'John Wick: Chapter 4'

Source: Lionsgate

‘John Wick: Chapter 4’

Fuelled by a competitive tax rebate and infrastructure investment, international production in France has tripled from a €305m spend in the country in pre-pandemic 2019 to a total spend of nearly €1bn ($1.09bn) in 2022, up from €398m in 2021.

“It’s clearly not just a post-Covid catch-up trend,” the CNC’s director of digital Vincent Florant told Screen of the surge in international production in the territory.

In 2022, 101 projects benefitted from the TRIP (Tax Rebate for International Production), a rebate of up to 30% of the eligible production spend to a cap of €30m ($32.7m) that rises to 40% when VFX expenses surpass €2m ($2.27m) on local soil.

The 101 projects benefitting from TRIP in 2022 was double the same figure in 2019, when 55 projects benefitted. In 2020 the number was 56 and in 2021 it was 62. Key to the surge has been an increasingly strong presence of international streamers making both features and series in both French and English.

John Wick and Adam Sandler pay France a visit

TRIP-powered titles shot last year include several recent releases like box-office topper John Wick 4, which did all its VFX work in France after shooting in Paris at famed spots like the Louvre museum and at the Arc de Triomphe on the Champs-Elysées. Jeremy Garelick’s Murder Mystery 2 for Netflix shot at the Studios de Paris, as well as on the top of the Eiffel Tower and throughout the city.

Other prestige projects include Thomas Napper’s feature from WME Independent Clicquot about the origins of the famed Veuve Cliquot champagne family, Apple TV+ series The New Look and Franklin, Anna Winger’s multilingual co-production Translatlantic, and Haut et Court series Mr. Spade from The Queen’s Gambit co-creator Scott Frank and showrunner Tom Fontana.

Among the qualifying TRIP projects, around two thirds of total spending went to fiction projects (€664m) and one third to animation (€327m) according to the CNC. Animation projects include Illumination Mac Guff’s work on The Super Mario Bros. Movie and Fortiche Studios with the second season of Netflix’s Arcane.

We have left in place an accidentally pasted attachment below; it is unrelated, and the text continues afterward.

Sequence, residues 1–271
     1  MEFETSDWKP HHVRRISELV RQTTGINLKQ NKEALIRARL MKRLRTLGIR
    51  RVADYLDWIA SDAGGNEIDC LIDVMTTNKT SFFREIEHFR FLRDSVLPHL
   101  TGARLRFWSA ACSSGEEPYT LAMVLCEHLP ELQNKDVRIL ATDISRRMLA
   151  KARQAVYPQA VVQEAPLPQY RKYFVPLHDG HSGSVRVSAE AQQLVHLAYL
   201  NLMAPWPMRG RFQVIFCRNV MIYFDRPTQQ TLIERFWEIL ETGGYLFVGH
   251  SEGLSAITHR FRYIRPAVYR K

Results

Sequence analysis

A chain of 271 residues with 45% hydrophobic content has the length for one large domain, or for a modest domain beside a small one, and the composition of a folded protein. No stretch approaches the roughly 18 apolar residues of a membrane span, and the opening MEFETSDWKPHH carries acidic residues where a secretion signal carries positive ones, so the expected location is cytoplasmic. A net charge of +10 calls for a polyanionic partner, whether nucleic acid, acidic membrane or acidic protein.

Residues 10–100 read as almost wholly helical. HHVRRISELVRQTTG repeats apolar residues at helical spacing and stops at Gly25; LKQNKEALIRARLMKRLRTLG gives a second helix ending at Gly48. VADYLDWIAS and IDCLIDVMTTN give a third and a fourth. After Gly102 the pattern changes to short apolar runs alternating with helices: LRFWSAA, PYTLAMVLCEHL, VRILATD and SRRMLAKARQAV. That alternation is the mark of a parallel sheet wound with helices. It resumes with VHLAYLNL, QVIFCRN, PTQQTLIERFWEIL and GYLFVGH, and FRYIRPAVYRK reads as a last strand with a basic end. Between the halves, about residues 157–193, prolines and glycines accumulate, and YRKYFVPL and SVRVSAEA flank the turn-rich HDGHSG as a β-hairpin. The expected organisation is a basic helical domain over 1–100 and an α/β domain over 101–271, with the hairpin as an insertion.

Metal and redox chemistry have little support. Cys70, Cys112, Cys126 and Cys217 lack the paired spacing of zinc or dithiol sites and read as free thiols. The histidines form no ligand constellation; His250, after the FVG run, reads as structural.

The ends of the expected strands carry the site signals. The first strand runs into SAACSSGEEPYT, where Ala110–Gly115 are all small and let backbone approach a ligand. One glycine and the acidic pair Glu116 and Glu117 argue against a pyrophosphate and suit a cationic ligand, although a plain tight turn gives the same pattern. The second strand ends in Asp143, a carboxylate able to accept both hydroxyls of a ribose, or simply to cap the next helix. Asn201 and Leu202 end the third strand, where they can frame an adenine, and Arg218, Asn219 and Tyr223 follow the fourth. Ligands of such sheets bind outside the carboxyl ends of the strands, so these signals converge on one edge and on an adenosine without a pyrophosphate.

Extending their TRIP

“The 40% changes everything,” said John Bernard, leading France-based producer and CEO at Peninsula Film, adding that producers shooting in the country are “getting 40% on their below the line as well. That is why Franklin came over. It is why The New Look stayed for whole thing.”

Peninsula has worked on major international productions including Inception, HugoThe Tourist and the upcoming Clicquot. “We’re doing whole films here, not just a piece of them and that’s changed the dynamics of how we look for business and do business,” he added.

When Peninsula worked on 2007 action thriller The Bourne Ultimatum, “they came to town to do three days of shooting and no stunts. Today, the whole world has changed.” 

“France is now becoming the single hottest place to go to shoot,” he explained. “They don’t need to multi hub,” he said, adding that with the enhanced incentives, “you’d be mad not to bring a whole show to France.”

Raphael Benoliel, a go-to producer for Hollywood and beyond via his company Firstep, adds: “It’s one of the best tax credit in the world for series.” Benoliel handled line production for John Wick: Chapter 4, Murder Mystery 2 and David Fincher’s upcoming The Killer in addition to each of the four seasons of Emily In Paris and Raise The Dead.

The CNC continues to multiply its efforts to attract – and keep – foreign shoots in France. After a €1m studio revamping in 2020 and a €10m investment in 2021, the “France 2030” plan’s ‘The Great Image Factory’ project includes a €350m investment from the government that will be completed by private investors for a total €2bn spent on constructing soundstages, virtual and physical production, VFX and animation and also education.